“The key was to create an instrument for all children,” explains Skoog co-inventor Dr. Ben Schögler. “That includes kids with disabilities, whether physical or learning disabilities. It was made to be an inclusive instrument, because musical instruments are beautiful, they’re fantastic, but they’re difficult to play.”
Born out of Edinburg University in 2006, with help from funding by the U.K.’s National Endowment for Science, Technology and the Arts (NESTA), Skoog is a small, squishy musical instrument that’s simple by design.
“A lot of electronic instruments are really just versions of their acoustic counterpart,” says Schögler. “But if the computer is making the sound, the interface can be anything you want. We stripped it back and were looking for an object that’s intuitive enough to be used without having to be explained.”
The result is a small cube with five sides monopolized by big, brightly colored half-circles, buttons that serve as a sort of analog to a string or piano key, triggering sounds determined by a connected computer, not unlike a MIDI controller.
The company launched the first Skoog in 2012, after receiving an initial VC round two years prior. It was strange and somewhat rudimentary, but the product’s simplicity landed it on the radar of classrooms — special education departments in particular. To date, the first-generation product has a user base of around 2,000, a modest number, but enough to have gained the notice of Apple, which began promoting it as an accessibility device through its retail channels.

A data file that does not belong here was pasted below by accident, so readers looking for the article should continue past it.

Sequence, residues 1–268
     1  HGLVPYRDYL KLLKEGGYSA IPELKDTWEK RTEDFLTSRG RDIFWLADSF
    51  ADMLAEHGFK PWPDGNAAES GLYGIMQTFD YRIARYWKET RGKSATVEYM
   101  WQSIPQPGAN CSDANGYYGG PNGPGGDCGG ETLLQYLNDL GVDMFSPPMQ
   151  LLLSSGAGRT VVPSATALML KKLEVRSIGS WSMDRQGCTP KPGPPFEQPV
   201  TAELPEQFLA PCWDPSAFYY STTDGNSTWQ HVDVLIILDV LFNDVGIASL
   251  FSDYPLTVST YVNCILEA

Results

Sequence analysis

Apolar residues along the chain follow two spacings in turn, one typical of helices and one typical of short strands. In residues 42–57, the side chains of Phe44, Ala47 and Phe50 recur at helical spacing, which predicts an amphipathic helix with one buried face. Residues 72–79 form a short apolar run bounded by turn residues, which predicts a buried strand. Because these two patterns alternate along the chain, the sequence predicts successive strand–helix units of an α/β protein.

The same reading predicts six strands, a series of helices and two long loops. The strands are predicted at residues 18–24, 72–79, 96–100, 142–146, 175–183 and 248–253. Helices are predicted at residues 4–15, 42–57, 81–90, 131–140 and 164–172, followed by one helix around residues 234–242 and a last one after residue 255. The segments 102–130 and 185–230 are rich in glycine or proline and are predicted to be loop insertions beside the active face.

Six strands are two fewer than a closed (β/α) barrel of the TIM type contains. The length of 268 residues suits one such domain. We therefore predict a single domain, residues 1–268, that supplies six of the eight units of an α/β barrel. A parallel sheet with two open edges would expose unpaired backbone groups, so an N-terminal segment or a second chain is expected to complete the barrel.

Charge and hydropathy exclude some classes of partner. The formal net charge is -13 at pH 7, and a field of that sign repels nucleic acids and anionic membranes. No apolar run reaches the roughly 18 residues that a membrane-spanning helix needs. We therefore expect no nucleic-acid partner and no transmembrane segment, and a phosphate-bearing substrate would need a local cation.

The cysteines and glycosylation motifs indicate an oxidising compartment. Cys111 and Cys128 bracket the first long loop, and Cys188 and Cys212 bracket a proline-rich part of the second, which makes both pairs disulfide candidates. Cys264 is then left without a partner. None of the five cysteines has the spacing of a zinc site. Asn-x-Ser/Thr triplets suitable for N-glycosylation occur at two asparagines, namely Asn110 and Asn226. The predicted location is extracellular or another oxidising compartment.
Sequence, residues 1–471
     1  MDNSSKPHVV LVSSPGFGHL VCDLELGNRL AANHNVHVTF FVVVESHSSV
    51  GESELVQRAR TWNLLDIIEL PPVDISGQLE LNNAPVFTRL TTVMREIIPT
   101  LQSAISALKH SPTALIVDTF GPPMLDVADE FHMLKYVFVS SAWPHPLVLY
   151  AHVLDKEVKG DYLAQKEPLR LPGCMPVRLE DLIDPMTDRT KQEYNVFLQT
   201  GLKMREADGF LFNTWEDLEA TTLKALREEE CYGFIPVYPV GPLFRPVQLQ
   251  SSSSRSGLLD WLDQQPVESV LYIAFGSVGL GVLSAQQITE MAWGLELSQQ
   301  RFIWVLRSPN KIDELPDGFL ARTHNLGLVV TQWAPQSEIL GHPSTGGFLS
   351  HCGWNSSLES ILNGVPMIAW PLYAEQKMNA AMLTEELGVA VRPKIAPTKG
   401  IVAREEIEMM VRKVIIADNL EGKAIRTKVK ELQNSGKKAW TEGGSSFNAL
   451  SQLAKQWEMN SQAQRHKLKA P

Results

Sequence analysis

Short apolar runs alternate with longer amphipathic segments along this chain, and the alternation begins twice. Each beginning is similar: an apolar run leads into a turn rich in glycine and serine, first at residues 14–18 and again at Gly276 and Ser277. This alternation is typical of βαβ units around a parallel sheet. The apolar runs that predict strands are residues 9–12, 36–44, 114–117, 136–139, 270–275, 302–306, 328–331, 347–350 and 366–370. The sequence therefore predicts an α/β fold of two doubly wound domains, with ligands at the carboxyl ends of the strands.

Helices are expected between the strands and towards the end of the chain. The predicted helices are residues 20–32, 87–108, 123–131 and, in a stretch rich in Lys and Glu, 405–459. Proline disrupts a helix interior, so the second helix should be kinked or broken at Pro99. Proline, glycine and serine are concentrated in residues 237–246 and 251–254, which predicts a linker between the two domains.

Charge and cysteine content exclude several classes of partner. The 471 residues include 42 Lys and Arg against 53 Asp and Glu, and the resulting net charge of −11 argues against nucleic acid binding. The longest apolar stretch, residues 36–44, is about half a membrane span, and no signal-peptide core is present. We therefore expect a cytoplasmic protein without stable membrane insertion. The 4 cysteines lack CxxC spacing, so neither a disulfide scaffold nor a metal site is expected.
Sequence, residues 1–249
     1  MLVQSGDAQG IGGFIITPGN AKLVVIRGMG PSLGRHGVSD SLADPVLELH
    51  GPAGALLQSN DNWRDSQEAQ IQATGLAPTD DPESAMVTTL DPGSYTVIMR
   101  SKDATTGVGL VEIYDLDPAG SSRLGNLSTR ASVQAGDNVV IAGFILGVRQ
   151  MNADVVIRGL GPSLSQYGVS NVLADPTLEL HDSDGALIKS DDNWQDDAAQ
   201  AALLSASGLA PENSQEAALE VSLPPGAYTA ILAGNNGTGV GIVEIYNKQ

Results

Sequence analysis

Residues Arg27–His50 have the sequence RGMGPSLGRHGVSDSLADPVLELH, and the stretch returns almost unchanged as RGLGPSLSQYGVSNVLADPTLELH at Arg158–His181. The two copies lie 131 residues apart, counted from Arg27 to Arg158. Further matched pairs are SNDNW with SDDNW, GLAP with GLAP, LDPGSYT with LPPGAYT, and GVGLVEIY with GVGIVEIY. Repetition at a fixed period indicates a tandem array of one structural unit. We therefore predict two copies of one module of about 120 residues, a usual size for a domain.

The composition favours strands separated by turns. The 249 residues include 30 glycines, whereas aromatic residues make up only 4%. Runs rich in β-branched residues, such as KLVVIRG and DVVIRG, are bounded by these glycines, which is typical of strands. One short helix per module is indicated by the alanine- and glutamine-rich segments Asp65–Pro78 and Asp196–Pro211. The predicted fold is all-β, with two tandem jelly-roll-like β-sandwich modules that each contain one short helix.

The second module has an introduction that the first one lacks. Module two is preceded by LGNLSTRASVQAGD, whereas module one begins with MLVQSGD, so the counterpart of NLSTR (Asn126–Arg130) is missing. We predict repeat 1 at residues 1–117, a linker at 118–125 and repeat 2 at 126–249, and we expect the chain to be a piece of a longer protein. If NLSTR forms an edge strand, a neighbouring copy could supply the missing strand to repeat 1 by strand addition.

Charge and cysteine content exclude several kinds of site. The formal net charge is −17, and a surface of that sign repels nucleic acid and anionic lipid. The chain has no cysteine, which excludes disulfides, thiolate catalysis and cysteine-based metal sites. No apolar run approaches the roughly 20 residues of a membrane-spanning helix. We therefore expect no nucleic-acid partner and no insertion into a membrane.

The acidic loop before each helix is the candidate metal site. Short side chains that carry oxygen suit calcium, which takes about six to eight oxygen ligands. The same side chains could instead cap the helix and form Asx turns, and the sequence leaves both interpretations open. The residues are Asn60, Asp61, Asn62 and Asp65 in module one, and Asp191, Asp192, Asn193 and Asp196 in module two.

That same year, the company began work on a new version of the product, swapping the USB for wireless, as part of an attempt to embrace the growing use of iPads in special education curriculums.
In late 2015, Skoog took the product to Indiegogo, raising funding for the 2.0 version, which, along with the aforementioned wireless connectivity also features in-app integration with music services like iTunes and Spotify. The app automatically recognizes and matches the song’s key, so users can play alongside it.
The Skoog 2.0 hits retail stores today for $300, bringing with it the promise of potential use cases outside of the educational world. Schögler points to retirement communities that have experimented with the device for use with patients suffering from dementia. And then, of course, there’s the occasional intentionally awkward viral video hit.
The company is also exploring avenues outside of music. “It is a tactile, multidimensional controller,” says Schögler. “It could be used for things like gaming, but that requires us to get the API out. We’re a small firm and we’ve been working on the app, but we’ll be looking to release that as soon as we can. “